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Why Do People of Color Have a Harder Time Getting a Transplant?

“African-Americans, Latinx individuals and Native Americans…wait longer for a much-needed new organ.”

According to UNOS, in 2016, the rate of kidney failure was 9.5 times higher for Native Hawaiians and Pacific Islanders than it was for white patients. Latinx patients were 50% more likely to experience kidney failure. Asian and Latinx patients are also more likely than white patients to be diagnosed with liver disease.

Here’s the problem:

Although minorities are more likely to be diagnosed with kidney failure, they are less likely to be transplanted.

Why is it that white patients receive transplants more often than patients of color? Here are a few of the factors that might influence this troubling trend, as identified by Assistant Professor of Health Psychology Camila Nonterah at the University of Richmond.

Tracking Transplant Disparities

As Help Hope Live transplant patients know, several steps have to take place before a patient is eligible for a transplant. Among those steps:

1. Patient is deemed medically suitable (healthy enough to sustain a transplant, but sick enough to need one)

2. Patient is interested in receiving a transplant

3. Patient is connected with a transplant center/team

4. Patient is evaluated for transplant and listed, and/or engages a potential living donor

“At each point of the transplant preparation process, there are opportunities for barriers to occur.”

Many factors can prevent a patient from moving forward with a transplant at any of these stages, including:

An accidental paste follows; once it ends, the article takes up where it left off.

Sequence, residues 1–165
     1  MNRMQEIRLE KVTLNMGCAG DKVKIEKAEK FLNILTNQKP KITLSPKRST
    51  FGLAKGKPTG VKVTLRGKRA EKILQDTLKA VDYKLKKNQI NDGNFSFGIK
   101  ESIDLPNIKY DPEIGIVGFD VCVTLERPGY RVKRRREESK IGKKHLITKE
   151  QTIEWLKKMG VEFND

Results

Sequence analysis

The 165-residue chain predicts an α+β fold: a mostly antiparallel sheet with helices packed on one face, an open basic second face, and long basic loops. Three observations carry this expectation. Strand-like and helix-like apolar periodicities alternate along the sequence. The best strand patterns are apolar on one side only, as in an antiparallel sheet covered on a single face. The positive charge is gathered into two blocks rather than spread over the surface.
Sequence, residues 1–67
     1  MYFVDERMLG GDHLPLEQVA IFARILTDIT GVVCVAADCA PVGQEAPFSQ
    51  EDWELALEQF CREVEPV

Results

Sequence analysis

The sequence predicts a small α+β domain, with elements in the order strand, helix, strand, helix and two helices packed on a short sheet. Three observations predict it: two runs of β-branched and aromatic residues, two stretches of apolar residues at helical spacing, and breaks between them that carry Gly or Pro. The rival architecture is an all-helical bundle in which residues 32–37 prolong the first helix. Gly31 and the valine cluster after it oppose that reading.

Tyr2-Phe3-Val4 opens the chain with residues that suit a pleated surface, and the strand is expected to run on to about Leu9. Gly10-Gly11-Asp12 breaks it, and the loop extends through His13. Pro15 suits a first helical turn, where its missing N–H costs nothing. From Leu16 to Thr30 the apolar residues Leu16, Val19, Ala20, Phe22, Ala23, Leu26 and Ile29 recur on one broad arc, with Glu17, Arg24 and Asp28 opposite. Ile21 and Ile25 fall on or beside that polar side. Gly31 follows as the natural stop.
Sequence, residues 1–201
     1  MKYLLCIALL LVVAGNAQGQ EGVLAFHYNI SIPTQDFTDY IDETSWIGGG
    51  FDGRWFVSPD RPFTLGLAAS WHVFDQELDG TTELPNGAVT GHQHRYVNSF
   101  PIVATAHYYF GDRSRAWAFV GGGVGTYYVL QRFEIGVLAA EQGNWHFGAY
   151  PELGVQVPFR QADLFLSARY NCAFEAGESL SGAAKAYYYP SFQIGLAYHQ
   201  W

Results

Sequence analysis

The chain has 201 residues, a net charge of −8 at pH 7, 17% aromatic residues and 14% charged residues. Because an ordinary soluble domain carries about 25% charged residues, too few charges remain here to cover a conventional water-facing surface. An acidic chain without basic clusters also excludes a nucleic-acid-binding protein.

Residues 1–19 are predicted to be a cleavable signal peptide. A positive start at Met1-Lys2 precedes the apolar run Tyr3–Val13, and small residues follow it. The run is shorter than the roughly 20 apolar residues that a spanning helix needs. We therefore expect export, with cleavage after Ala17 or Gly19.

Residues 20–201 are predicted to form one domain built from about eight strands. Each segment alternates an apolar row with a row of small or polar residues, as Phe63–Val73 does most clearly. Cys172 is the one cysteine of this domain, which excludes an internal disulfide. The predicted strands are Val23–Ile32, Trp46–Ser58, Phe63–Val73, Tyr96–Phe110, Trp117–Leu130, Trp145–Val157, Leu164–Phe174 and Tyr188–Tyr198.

Literacy. Is the patient able to understand instructions and information regarding transplantation? Is he or she able to communicate effectively, including with bilingual support if needed?

Limited transplant information. Is the patient aware that transplant is a strong option with benefits over dialysis and other care choices? Does a patient’s community or family have any knowledge of transplantation?

Doctor relationships. Could hidden bias or preconceptions in medical providers be blocking a patient from receiving complete information about transplantation? Does the patient expect or anticipate poor treatment?

Negative history. Is the patient or his or her community hesitant to trust advice from medical providers? Is the patient likely to conceal symptoms or avoid medical care as a result?

All of these factors and others may serve as significant barriers to transplant for people of color.

One additional consideration: because the organ donation rate is lower among ethnic minorities, patients of color may struggle to find compatible living donors, and there may be fewer compatible organs available to them from organ donors who have passed away.

How We Can Close the Gap

Based on a study conducted by Nonterah and Heather Gardiner, Health Disparities Research Lab director at Temple University, there are multiple ways to improve access to the gift of life for people of color. Among their conclusions:

-Providers can work with patients to personally identify and break through some of the most common barriers to transplant, including limited transplant literacy and provider mistrust.

-Providers and treatment centers can make small changes, such as consolidating appointments and testing procedures, to make it easier for patients of color to access care.

Policy changes can continue to positively influence transplant rates for people of color. Among prior positive changes: prioritizing high MELD score patients for liver transplants, and allowing time spent on dialysis to count as time spent on the kidney transplant waiting list.

-An opt out organ donor policy is worth considering for the U.S. as a whole as a policy move that may benefit all transplant candidates at once.